Qatar faces harsh economic fallout

Qatar faces harsh economic fallout
A trader checks stock movements at the Doha Stock Exchange in Qatar.

dubai - Consequences of rift include an impending economic slowdown, credit downgrades, soaring inflation, liquidity squeeze and increased funding costs


Issac John

Published: Thu 8 Jun 2017, 7:08 PM

Last updated: Fri 9 Jun 2017, 10:16 PM

An increasingly isolated Qatar will have to pay a heavy price in terms of an impending economic slowdown, credit downgrades, soaring inflation, liquidity squeeze and increased funding costs if the ongoing diplomatic rift with a group of Arab countries persists, economists and credit analysts warned.

While Standard & Poor's downgraded Qatar's debt on Wednesday, Moody's Investors Service said the Gulf country's credit quality would decline if tensions with fellow GCC countries continue indefinitely.

Steffen Dyck, vice-president and senior credit officer at Moody's, said should the rift between the GCC countries persist, it would be credit negative for Qatari banks, owing to their reliance on confidence-sensitive foreign funding, which currently accounts for 35 per cent of total liabilities.

"We expect that Qatari banks' funding costs will likely rise for debt securities [11 per cent of foreign funding], and there is a risk of withdrawals from non-resident deposits [43 per cent of foreign funding] and interbank facilities [46 per cent of foreign funding] because a portion of these are sourced from the GCC," said Dyck.

Garbis Iradian, chief economist, Mena at the Washington-based Institute of International Finance (IIF) said in a more pessimistic scenario which assumes that sanctions remain in place for an extended period and ties deteriorate further, Qatar's headline growth could decline to 1.2 per cent in 2017 and two per cent in 2018, principally due to lower non-hydrocarbon growth impacted by increased uncertainty weighing on investment, a tighter financial environment and perhaps deposit flight which could raise the cost of funds. "Cuts in financial ties and increased counterparty concerns could hinder ease of doing business and trade finance."

S&P downgraded Qatar's debt as the riyal currency fell to an 11-year low amid signs that portfolio investment funds were flowing out of the country.

The US dollar was bid as high as 3.6526 riyals in the spot market on Wednesday, its highest level since July 2005, according to Thomson Reuters data. The riyal is pegged at 3.64 to the dollar by the central bank, which only allows small fluctuations around this level. In the offshore forwards market, which banks use to hedge against the risk of future moves in the spot rate, the riyal dropped as far as a 550-point premium against the dollar, its lowest level since December 2015.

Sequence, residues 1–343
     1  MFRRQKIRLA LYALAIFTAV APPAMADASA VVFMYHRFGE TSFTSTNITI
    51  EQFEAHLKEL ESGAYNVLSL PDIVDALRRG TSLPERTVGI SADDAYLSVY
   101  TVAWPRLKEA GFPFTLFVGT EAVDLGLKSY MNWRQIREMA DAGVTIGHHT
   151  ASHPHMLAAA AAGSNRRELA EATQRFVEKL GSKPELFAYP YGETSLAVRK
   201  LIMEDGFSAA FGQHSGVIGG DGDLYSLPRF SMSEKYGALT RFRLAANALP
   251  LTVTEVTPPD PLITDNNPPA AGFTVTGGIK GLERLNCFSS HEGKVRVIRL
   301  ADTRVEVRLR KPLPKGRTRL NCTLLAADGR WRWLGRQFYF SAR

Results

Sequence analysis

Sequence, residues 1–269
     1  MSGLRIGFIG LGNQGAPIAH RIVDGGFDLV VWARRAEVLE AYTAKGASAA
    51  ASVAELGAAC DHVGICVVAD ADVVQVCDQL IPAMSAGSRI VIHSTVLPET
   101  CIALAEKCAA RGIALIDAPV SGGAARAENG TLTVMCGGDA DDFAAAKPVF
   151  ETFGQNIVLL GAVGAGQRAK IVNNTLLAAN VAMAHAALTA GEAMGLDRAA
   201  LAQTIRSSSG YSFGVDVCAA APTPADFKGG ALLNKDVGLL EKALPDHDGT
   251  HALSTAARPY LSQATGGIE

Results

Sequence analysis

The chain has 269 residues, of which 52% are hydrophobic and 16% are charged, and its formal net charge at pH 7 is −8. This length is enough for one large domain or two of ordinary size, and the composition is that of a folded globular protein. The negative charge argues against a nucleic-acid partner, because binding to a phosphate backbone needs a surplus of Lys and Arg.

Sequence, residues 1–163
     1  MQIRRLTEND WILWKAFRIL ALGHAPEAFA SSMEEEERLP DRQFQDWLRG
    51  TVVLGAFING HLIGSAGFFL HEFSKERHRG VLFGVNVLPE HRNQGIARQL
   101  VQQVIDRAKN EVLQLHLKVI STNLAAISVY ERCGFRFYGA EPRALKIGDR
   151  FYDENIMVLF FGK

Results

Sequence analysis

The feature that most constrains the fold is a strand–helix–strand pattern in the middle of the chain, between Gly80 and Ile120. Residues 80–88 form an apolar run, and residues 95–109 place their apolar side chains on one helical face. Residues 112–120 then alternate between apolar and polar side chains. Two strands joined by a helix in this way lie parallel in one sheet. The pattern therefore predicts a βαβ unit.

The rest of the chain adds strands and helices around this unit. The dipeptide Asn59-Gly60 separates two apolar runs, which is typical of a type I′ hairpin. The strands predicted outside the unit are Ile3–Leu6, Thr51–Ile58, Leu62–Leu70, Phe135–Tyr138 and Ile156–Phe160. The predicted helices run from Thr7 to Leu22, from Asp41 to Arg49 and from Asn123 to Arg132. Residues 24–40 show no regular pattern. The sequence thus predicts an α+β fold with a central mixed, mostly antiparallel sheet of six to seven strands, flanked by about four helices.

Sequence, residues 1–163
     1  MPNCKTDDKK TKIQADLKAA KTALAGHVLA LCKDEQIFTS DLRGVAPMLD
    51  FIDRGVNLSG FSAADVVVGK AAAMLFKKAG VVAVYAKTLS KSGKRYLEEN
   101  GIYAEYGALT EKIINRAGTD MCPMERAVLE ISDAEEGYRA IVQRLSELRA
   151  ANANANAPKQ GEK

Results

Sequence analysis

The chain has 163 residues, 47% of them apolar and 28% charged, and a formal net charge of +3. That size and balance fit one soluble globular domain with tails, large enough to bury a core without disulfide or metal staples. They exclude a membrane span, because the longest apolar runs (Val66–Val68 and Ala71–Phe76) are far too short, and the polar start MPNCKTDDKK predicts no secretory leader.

The rating agency cut its long-term rating of Qatar by one notch to AA- from AA and put the rating on CreditWatch with negative implications, meaning there was a significant chance of a further downgrade.

Moody's Investors Service assesses Qatar at Aa3, which is equal to S&P's new rating. Fitch Ratings puts Qatar at AA.

S&P said Qatar's economy would suffer from the decision on Monday of Saudi Arabia, the UAE, Egypt and Bahrain to cut diplomatic and transport ties with Doha.

"We expect that economic growth will slow, not just through reduced regional trade, but as corporate profitability is damaged because regional demand is cut off, investment is hampered and investment confidence wanes," S&P said.

Qatar's stock index has tumbled 9.7 per cent over the past three days, with high trading volumes suggesting some Gulf and international investors were bailing out of the market and sending their money home. Before this week's crisis, Gulf and international investors held only about nine per cent of Qatar's stock market, which had a capitalisation of about $150 billion, bourse data showed.

Malgorzata Glowacka, associate analyst at Moody's, said Qatar's liquidity squeeze could intensify in the event of further escalation of tensions, which could include restrictions on capital flows or change in investor sentiment. The rift could also be negative for regional economies, business confidence and credit growth opportunities for GCC banks if it persists.

Iradian said Qatar's liquidity pressures could increase if the government opts for more withdrawal of its deposits with domestic banks to finance the deficits. Also, private resident non-residents deposits could decline from their peak level in April 2017.

"If the rupture is prolonged and alternative trade routes emerge, this could cause exporters, particularly in the UAE and Saudi Arabia, to also be adversely impacted. Imports from the UAE, Saudi Arabia, Bahrain, Egypt and Jordan account accounted for about 16 per cent of Qatar's total imports in 2016, or three per cent of GDP. With numerous firms using Dubai as their regional distribution hub, the UAE accounted for more than half of this amount," said Iradian.

Analysts expect prices of food and other essential items, a bulk of which were imported into the country through Saudi borders, would escalate with the closure of borders and ban on land, sea and air cargos from the UAE, Saudi Arabia and Bahrain.

Qatar's exports of services amounted to $15 billion in 2016, of which $13.5 billion was travel and transportation related. About half of the number of visitors to Qatar is from the GCC.

"With the imposition of travel and flight bans, as well as loss of access to neighbouring countries' territory, exports of services are likely to be impacted significantly," said the IIF.


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